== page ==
It’s almost the end of February; yet the cold winter and the hills seem to be in endless love with each other, like a newlywed couple, each can’t keep their eyes off them. In all its coldness the ritual of “ta-ping
In December and early January, children and elders alike, living in tea estates, search and collect pruned tea bushes called “Jhikraa”. Once the collection is finished it is made into a bundle, a thread is used to tie it up, and carried to homes to be burnt in evenings. Collecting in a social group fostered the feeling of oneness among people and was more of a pastime for the children of a generation not yet invaded by technology, especially mobile games. The “
Sitting around soaking warmth of the burning fire of dry bamboo and dead tree trunks called “mudha”, everyone had ash, like snowflakes, sticking in their hairs due to constant blowing of wind through the pipe made out of hollow bamboo or sometimes a short iron pipe called “so-tae” so that the fire didn’t die out. Sometimes the burning bamboo wood made a distinct sound and the grandmother would say “Bokhshi Awadaicha” and other times the fire would predict whether a guest would visit our homes. Amazing were those times!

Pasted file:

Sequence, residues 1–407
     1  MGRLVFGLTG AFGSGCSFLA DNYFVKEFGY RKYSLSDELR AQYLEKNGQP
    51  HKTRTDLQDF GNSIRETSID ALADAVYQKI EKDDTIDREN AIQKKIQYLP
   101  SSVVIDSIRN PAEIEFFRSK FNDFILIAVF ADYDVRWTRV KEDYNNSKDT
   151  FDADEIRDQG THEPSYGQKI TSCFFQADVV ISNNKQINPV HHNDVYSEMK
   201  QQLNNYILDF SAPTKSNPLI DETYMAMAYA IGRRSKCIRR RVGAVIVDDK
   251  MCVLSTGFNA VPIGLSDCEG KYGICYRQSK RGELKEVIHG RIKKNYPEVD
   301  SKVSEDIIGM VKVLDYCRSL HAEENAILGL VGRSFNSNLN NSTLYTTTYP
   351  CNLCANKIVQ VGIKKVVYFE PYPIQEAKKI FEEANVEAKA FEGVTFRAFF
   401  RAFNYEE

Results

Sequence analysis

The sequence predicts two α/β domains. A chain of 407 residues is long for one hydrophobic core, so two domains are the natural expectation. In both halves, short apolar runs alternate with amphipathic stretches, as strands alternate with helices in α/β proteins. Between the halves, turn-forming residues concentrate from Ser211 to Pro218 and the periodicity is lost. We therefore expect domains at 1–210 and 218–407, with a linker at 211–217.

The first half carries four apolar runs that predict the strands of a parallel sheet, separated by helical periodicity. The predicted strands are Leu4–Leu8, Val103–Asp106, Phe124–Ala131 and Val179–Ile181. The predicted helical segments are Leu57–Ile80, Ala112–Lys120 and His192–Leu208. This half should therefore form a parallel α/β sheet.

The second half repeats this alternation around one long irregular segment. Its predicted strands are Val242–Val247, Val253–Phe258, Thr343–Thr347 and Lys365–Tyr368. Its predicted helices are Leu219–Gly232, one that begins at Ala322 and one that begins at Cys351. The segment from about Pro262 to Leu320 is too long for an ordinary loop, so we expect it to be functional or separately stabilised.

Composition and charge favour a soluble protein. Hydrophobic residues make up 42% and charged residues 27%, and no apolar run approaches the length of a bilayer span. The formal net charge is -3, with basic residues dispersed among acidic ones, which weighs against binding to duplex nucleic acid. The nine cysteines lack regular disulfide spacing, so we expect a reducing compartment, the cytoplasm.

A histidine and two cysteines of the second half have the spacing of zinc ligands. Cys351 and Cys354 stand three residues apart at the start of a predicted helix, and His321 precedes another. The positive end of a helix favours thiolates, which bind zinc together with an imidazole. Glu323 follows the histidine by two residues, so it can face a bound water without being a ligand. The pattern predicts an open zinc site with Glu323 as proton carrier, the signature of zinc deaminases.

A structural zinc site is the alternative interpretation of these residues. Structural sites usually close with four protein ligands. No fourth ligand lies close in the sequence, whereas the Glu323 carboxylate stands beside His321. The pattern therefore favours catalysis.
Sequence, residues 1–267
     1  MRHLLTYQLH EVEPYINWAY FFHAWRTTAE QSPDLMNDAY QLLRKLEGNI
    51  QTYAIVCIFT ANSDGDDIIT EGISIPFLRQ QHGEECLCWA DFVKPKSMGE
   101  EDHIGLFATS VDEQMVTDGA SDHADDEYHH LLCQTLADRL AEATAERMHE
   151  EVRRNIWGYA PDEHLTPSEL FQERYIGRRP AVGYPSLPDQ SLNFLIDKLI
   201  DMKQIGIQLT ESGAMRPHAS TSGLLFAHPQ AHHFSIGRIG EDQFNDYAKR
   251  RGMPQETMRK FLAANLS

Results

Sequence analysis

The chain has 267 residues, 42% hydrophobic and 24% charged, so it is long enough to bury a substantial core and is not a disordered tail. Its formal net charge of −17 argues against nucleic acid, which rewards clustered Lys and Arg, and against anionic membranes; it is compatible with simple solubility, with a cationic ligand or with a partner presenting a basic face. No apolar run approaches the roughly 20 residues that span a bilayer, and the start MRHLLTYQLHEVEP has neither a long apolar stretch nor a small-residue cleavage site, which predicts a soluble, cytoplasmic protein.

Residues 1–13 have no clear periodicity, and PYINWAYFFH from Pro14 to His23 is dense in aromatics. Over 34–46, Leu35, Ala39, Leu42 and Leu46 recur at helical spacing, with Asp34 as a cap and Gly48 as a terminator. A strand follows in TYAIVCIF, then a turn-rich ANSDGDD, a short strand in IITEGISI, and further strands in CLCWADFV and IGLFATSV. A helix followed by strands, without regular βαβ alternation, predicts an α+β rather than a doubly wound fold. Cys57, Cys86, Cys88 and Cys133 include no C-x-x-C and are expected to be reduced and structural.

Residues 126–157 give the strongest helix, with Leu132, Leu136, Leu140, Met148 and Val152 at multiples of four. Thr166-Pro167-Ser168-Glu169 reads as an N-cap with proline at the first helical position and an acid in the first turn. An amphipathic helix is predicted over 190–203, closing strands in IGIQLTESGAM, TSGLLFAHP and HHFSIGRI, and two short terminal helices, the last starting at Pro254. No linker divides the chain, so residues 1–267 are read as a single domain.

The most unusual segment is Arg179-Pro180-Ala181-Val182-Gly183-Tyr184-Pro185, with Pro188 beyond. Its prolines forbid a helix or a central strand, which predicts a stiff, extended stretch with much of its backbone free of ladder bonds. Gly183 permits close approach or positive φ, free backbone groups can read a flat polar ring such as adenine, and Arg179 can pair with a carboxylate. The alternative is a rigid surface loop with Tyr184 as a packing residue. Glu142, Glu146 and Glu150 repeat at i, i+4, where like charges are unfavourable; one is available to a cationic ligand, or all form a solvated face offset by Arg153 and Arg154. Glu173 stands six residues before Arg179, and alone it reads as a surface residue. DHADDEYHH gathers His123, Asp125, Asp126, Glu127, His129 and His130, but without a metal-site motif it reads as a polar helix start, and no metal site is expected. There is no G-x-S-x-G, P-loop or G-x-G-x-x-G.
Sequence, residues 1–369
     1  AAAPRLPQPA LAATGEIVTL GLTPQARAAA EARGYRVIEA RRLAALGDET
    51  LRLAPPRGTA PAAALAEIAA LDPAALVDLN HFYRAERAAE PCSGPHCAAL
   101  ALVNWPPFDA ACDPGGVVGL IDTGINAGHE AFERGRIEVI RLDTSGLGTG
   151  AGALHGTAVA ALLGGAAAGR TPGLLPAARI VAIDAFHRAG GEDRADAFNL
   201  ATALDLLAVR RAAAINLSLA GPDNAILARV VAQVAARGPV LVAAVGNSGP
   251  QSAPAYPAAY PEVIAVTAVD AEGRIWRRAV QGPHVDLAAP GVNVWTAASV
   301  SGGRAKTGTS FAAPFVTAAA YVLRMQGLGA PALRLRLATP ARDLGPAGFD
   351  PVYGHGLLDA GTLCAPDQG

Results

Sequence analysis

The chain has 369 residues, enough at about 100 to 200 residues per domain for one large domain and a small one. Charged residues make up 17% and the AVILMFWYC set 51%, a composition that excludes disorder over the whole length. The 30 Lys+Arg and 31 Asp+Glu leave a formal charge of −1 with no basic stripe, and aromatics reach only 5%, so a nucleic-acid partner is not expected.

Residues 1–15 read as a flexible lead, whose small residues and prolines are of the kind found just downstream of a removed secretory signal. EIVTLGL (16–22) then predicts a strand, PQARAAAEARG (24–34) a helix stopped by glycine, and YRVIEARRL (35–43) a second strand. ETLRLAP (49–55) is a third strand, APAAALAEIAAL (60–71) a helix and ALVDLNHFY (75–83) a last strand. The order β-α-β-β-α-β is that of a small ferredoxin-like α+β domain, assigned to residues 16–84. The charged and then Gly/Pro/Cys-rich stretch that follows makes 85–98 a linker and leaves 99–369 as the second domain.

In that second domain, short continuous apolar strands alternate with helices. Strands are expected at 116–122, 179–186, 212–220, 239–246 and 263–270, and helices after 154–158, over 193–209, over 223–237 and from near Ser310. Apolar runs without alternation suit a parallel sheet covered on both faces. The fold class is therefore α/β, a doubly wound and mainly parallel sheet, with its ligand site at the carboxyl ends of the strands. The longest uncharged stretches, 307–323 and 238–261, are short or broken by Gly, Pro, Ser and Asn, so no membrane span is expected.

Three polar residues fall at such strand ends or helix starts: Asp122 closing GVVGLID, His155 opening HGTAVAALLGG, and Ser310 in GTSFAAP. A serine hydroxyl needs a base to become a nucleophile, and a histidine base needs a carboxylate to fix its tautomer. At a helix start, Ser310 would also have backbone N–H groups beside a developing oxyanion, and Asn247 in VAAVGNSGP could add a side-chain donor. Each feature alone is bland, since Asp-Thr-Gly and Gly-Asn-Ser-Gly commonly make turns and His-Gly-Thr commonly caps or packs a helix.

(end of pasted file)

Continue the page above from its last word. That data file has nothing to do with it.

In the evening, assembling around the fire has its own set of problems; constant smoke coming towards individuals makes breathing difficult as well as brings tears in the eyes. Children chant the mantra ”Uta-Uta Haddi, Eta-Eta Masu, Uta-Uta Haddi, Eta-Eta Masu to ward off the unholy smoke. If the mantra didn’t work mother said “
The other problem is usually faced by older ladies from the family, “agadi tattoo bhayera ke garnu”, “pichari chiso huncha” “abo dhad sekaw-chu”.The ladies turn their back-sides towards the fire, without giving a thought about their safety. Elders even have a remedy to cure piles, “pira tata-yara bus-na” “piles ko ram-baan”. Don’t know if it works but have seen quite a few burnt bums in my lifetime.
When the elders were out of sight, children would take out their carefully cut “Iskush ko Lahara ko Cigarette” and gingerly smoke the dry stem imitating the elders, childhood memories but not good in hindsight!
Schools are closed in winters and children used to have their own version of PUBG back then. It was played hiding in thick tea bushes or in gullies, with Guns made from whatever “Daura” resembling a gun having a trigger they could lay their hands on, and sometimes gun made of bamboo, with “dallo pareko” paper used as a bullet. “Daura gun” was not hazardous but to be get hit by paper bullet, coming out of the bamboo gun was extremely painful and so was with sword fights with long sticks. Sometimes PUBG went to the extreme, armed with catapult, with the best of small stones as bullet and accompanied by the best rabbit sniffing “Bhatua Kukkur” of the village prey was stalked and hunted (not recommended now) in the game.
Winters has also its own set of problems especially for those mothers who manage the household monthly budget. “Jadoo ma bhat pura ruch-cha” two full plates of rice seem too little for the stomach in winters, and in a few hours one is hungry again. Only us know how appetizing a meal is with “padae kukhra ko jhol, bhat and sitra-rambera ko achar in cold weather isn’t it! Winters and Childhood was and is so awesome in the hills of Darjeeling and Kalimpong.